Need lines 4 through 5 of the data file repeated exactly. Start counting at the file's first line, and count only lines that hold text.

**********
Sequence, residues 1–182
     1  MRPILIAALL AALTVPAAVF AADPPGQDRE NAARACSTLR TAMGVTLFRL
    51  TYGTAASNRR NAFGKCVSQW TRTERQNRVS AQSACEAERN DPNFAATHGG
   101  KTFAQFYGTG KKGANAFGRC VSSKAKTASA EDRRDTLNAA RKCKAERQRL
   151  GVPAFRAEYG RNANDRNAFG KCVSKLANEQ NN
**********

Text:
   101  KTFAQFYGTG KKGANAFGRC VSSKAKTASA EDRRDTLNAA RKCKAERQRL
   151  GVPAFRAEYG RNANDRNAFG KCVSKLANEQ NN